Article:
TALLAHASSEE (CBSMiami/NSF) – There will be a changing of the guard next summer at Florida Power & Light.
On Monday FPL CEO Armando Olivera announced that he would be retiring in May. Senior vice president Eric Silagy has been tapped to take the helm of the state’s largest electric utility.
Olivera, 62, is leaving the president’s job immediately but will remain as CEO until the May 2 effective date of his retirement. During his tenure, FPL has been a political power in Tallahassee while also dealing with a series of major issues — including restoring power after a spate of hurricanes in 2004 and 2005, planning new nuclear reactors and going through a contentious base-rate hearing in 2009 and 2010.
The retirement will come after Olivera’s 40th anniversary with the company. He started as an engineer trainee in 1972. As a sign of his prominence in business circles, he is a member of the Council of 100, an influential group of CEOs that has long advised governors and other state policymakers.
Lew Hay, chairman and chief executive officer of NextEra Energy Inc., the parent company of FPL, issued a statement Monday saying it would “be difficult to overstate Armando Olivera’s contribution to the business.”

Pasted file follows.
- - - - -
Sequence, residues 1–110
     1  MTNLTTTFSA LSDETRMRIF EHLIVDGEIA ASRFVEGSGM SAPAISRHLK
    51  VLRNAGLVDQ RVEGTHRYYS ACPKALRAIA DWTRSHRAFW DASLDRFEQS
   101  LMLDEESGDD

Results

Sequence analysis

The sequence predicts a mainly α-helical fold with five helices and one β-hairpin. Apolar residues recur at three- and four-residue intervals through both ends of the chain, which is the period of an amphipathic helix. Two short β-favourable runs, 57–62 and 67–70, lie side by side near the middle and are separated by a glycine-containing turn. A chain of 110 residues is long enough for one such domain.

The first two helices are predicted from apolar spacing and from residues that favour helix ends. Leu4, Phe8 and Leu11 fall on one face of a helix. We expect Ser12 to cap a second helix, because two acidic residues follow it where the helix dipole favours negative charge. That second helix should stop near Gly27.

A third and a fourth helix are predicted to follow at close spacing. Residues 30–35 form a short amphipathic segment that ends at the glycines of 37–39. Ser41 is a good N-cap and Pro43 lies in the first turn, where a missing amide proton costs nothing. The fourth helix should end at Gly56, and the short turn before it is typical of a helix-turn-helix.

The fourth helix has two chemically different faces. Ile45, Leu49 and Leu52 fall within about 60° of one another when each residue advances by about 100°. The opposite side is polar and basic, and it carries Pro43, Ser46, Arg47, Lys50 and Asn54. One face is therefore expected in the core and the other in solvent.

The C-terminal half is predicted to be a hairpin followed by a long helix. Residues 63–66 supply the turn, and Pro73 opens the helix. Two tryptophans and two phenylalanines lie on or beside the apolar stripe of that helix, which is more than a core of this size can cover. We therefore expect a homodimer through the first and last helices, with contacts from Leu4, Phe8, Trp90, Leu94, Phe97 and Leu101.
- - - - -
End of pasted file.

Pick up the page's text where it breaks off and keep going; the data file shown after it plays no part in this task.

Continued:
Silagy, 46, became the utility’s senior vice president of regulatory and state government affairs in 2010, after holding other posts at FPL and another related company, NextEra Energy Resources. Earlier, he was a vice president of Houston-based Entergy Wholesale Operations and also served as a chief of staff to former U.S. Sen. J. Bennett Johnston of Louisiana.
Among the issues Silagy will face as president and chief executive: FPL is expected to file another base-rate case in 2012, a months-long regulatory process that involves detailed examination of the company’s finances and operations.
Silagy has faced controversy in the past, with the St. Petersburg Times/Miami Herald Tallahassee bureau reporting that he was involved in 2009 in a behind-the-scenes effort to challenge two Public Service Commission members appointed by former Gov. Charlie Crist. The Senate in 2010 refused to confirm the nominations of those commissioners, who voted against a major FPL rate proposal.
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